Wednesday, October 8, 2014

Chaco Canyon, New Mexico

Chaco Canyon is located a long way from anywhere.  The route we took included 21 miles of dirt/rock road that had a serious washboard texture, as well as ruts in some areas.  I was so glad I was not driving my truck.  A friend was driving us in her Range Rover, which has a great suspension.  It was so nice to sit in the back seat and just sightsee instead of doing the driving.  There were four of us going, a girls’ day trip, and only one of us had been there before.


 Chaco includes a massive area of Anasazi Indian ruins that were abandoned before the 12th century.  It is thought that the community included about 5,000 people.  They built “great houses” near the sheer rock walls of a canyon.  The houses were built so close to the rock walls, that some of the roof beams were imbedded in the canyon walls for support. 


The largest great house was called Pueblo Bonito and contained over 600 rooms and 33 Kivas.  A Kiva is a round room that was built underground for religious ceremonies.   They were lined with rock walls and benches around the perimeter, with rock-lined areas for fires.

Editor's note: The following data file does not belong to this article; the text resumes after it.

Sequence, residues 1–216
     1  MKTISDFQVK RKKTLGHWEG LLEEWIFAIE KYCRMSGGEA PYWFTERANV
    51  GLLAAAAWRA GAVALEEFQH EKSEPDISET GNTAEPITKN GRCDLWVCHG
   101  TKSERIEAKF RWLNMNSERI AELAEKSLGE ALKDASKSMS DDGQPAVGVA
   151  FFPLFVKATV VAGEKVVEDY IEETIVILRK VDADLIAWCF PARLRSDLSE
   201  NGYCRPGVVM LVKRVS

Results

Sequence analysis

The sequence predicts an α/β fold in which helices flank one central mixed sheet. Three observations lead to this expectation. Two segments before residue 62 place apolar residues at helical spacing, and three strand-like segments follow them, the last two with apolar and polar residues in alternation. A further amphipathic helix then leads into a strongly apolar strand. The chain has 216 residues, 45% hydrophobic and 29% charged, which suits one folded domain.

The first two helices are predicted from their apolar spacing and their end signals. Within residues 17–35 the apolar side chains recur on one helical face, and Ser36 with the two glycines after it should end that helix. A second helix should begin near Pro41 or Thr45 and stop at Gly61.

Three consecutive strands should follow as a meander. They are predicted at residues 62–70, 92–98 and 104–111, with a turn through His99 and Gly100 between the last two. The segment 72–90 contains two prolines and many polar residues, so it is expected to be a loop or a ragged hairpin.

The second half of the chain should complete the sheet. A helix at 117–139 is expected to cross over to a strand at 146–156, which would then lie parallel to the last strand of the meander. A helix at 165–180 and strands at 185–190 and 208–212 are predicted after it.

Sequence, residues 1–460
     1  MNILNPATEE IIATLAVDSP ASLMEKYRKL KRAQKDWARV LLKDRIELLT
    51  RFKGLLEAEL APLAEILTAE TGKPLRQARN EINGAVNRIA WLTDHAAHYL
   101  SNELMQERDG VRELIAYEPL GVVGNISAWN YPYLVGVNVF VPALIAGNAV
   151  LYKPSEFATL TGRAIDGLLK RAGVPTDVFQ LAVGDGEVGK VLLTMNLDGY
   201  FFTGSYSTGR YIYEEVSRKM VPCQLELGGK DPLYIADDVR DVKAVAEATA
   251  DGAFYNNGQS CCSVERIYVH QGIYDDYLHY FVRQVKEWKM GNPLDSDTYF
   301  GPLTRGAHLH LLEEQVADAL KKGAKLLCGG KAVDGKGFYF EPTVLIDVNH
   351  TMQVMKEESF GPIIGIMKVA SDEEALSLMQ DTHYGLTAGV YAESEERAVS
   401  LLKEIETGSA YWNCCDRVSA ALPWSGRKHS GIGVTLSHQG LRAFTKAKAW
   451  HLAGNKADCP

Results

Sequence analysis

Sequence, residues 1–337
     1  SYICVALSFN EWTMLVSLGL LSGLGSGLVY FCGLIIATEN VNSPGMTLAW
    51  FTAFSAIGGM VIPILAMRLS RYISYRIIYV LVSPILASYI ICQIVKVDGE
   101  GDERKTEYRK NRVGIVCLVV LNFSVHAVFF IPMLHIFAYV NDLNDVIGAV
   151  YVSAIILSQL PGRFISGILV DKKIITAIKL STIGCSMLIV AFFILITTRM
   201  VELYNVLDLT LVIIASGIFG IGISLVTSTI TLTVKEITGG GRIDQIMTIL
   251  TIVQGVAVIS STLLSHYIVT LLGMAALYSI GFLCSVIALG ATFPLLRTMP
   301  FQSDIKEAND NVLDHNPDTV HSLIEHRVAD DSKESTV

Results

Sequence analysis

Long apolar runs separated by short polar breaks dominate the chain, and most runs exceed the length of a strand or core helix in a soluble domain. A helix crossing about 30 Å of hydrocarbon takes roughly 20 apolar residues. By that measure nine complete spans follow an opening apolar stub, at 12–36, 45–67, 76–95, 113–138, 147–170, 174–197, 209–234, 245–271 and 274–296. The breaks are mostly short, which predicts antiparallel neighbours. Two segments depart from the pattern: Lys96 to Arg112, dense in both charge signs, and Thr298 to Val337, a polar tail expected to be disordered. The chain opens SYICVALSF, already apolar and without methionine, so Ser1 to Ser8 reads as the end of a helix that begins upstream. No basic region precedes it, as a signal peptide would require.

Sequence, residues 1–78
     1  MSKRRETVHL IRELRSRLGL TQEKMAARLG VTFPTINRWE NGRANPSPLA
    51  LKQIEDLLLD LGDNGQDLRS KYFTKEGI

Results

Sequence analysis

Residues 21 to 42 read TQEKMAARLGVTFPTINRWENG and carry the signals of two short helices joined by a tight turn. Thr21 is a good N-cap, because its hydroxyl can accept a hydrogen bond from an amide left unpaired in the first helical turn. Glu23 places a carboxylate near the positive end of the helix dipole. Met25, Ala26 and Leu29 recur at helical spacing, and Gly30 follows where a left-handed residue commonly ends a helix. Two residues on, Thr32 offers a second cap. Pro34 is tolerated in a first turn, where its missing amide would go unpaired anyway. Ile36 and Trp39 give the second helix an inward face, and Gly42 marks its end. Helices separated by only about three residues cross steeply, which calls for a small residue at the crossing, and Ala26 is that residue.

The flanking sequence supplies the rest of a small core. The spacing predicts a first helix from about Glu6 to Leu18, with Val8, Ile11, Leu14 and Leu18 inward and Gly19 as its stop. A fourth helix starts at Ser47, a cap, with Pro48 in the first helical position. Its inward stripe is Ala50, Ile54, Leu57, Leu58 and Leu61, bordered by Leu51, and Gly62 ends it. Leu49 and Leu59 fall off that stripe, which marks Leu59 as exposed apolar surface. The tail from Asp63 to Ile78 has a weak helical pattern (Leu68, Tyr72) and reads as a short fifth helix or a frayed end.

This area has survived quite well after all these centuries, a testament to the solid construction of this extensive area.  The walls were as much as 2 feet thick in some areas, built from rocks quarried from the canyon walls. 

There is a campground on the site, but without hookups.  I have heard that the road coming from the north is in much better condition, with very little of it being dirt/rock.  To see everything and do some of the longer hikes would require staying for a couple days.  As it was, we were able to see most of the major areas and we had done as much as we could in one day.  It was a long drive home and we were tired, so we stopped at a local restaurant for some Mexican food.  You can always tell a good restaurant if the locals are eating there.  We all agreed that it had been a fabulous day, the weather couldn’t have been better and we all enjoyed the trip.

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